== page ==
There is a mention of the war of the Gods in Hesiod, and once again I have speculated on the origins of these wars. They can be twofold. The first is the idea that these wars developed out of different tribal groups moving into an already inhabited area bring their own culture and gods with them, winning a victory over the inhabitants, and installing their own culture (as defined by their gods). For instance, in early times we have a people group who worshipped Chronos as their chief God, but then they are invaded by a people who worshipped Zeus as their chief God and as the new group overran and conquered the old group, then Chronos was sidelined in favour of Zeus.
The second idea is the idea that I have proposed that these gods are little more than deified humans whose existence has been lost in the midst of times, so what we are actually seeing is some form of succession crisis. This would be particularly relevant if we are looking at an Antediluvian civilisation. In the era of short life spans and high morality, such succession crises would not be evident since when the old king died then the new king would still be old enough to assume the throne, but young enough not to have a number of children that would have to wait a long time for them to ascend the throne amongst a multitude of competeing claims. It differs today in that the Queen of England, the matriarch of the royal family, is still alive and well, and her grandchildren are now ready to marry and have kids. Pope John Paul II was the oldest living Pope in the history of the papacy, and it is likely that Pope Benedict will be around for a long time yet (unless he meets either with an unfortunate accident, or is removed for some reason or another - noting that this review was written prior to him stepping down).
When you have the antediluvian civilisation, where biblically (and elsewhere) you have people living for hundreds of years, even if you did not begin having children until the age of a hundred, by the time you die (even if it is five to six hundred years old) you still have at least four living generations below you, all of them struggling to get your position, and knowing that for them to get to that position they would have to wait a very long time. This is something that we see in this text, namely a fear in Chronos that his children would rise up and overthrow him, so he acts proactively and removes them before they have a chance of removing him. Much of it is allegorical though (and for the sake of space I will not go into detail here, for instance the gods all seem to have been born as adults, and also Chronos eats his children, but upon his defeat, all of them are released) so it can be difficult to understand what actually went on, though to take it literally can in itself be dangerous (and also somewhat ridiculous).
The final point I wish to make is the interesting note that Hesiod was a shephard tending sheep on Mount Helicon when he received this vision and wrote it down. This is something that seems to happen throughout the history of humanity in that many religious icons seem to have come from humble pasts and have made a tremendous impact upon human history. Many have suggested (and it is true to an extent) that history, up until the mid 18th century, was written by the upper class. However the reason for that is because it was only the upper class that had the time to write histories, as well as being the only ones who could read and write. However, this is not always the case, particularly with these early civilisations, because much of the history was passed down by word of mouth. This is why we can have shepherds actually becoming literary heroes because they did not need to read and write, they simply needed to be able to tell a story people could remember, and also convince them that they had a vision (or actually have had a vision) to make people sit up and listen.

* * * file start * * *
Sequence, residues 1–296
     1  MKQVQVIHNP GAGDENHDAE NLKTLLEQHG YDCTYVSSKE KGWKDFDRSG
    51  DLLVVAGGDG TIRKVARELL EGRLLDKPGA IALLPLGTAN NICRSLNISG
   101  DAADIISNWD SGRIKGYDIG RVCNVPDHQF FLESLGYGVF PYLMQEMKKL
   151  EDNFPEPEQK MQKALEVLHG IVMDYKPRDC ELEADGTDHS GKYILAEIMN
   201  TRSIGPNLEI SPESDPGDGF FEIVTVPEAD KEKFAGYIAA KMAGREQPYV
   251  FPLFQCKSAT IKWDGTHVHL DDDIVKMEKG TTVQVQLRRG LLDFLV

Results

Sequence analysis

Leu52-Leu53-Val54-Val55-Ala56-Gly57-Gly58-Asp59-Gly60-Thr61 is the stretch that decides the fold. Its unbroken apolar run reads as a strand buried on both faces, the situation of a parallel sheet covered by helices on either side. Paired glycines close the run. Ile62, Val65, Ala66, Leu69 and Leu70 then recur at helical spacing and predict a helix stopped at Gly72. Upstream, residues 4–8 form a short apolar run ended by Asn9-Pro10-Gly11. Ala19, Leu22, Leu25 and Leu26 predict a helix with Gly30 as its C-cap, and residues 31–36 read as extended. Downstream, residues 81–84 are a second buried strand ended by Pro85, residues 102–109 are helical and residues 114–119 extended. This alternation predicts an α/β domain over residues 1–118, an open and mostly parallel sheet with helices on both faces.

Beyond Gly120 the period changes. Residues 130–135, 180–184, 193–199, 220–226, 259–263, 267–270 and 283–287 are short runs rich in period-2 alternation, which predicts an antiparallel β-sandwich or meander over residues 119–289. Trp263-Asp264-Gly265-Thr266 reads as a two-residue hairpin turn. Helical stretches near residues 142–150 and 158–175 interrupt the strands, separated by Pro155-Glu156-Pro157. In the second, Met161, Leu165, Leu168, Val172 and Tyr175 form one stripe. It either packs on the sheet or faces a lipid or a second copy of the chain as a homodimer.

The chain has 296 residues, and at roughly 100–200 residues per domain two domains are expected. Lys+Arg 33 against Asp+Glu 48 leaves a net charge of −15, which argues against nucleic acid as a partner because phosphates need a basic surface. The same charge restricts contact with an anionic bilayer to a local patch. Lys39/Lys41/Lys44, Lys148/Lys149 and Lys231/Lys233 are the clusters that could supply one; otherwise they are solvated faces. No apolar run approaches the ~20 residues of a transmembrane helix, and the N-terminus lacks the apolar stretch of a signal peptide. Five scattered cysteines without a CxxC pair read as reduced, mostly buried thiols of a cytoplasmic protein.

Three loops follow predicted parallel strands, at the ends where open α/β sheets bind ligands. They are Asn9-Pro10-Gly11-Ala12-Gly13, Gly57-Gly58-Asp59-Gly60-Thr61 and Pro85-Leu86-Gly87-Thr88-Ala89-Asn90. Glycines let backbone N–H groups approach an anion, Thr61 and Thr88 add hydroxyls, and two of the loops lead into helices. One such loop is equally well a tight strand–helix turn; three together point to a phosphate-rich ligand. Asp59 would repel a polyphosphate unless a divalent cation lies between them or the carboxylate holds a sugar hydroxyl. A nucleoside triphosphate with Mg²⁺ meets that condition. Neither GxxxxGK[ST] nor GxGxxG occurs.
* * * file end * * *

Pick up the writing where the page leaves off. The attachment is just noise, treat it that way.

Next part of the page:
Disclaimer: ARC Via Netgalley and Riverdale Avenue Books
So I find it really hard to be negative about anything that expresses a love for the Jason and Argonuats movie by Harryhausen. Just saying.
In fairness, I should note that I am not a huge romance fan. I really am not. But how can you pass up a book that actually acknowledges that the Argonauts weren’t just rowing oars?
Curlovich does a fine job of bring the legend to life.
The story of Jason and his quest for the fleece is told via Acastus, his cousin, and son of the man who stole Jason’s father’s throne. Acastus is not a typical Greek prince, something that no doubt can be traced to dedication to the Muses. His father is not quite right and there is a sense of decay in the kingdom. The arrival of Jason and the quest for the fleece suggests a solution to the problem.
In some respects, the book is a typical romance. There is instant love between Acastus and his partner, there is instant lust as well. Curlovich does an excellent job at showing the love between the men, in particular when it is the true love of equal. This actually makes the use of instant love less annoying because the relationship does develop and not every character is going “oh, does he love I don’t know for sure” like in another book I recently read.
Acastus is a fully rounded character whose conflicts might be too modern in some aspects, but, perhaps because of this, his voice makes it easier for the reader to enter the realm of the story. He isn’t perfect, and at times, he uses too modern a tone – there is a reference to differences in cultural values that does seem to fit an ancient Greek.
The sequence describing the Argonauts quest for the fleece is good and contends the right amount of daring do. The drawback is that too few of the crew stands out. While this is understandable considering the source material, it can also be a little confusing or disheartening as some characters seem to pop up and go away again, making it hard for the reader to become attached to them. At times, too, it does feel like Curlovich is pairing all of them up. This makes Atlanta an oddity because she is the sole women on the ship. While I wish her role had been larger, Curlovich includes her, which is more than many modern retellings do.
Still, that is a very interesting part of the book. While I might not agree with Curlovich’s reading of the Medea story, his use of homosexuality in terms of Greek culture as well as woman’s place in that culture is well thought out. What do the powerless do when they are cut out of most aspects of societal control? It is an interesting theory that Curlovich plays with, and it does make sense.
This is the first male romance book that I have read, and I want to read more Curlovich.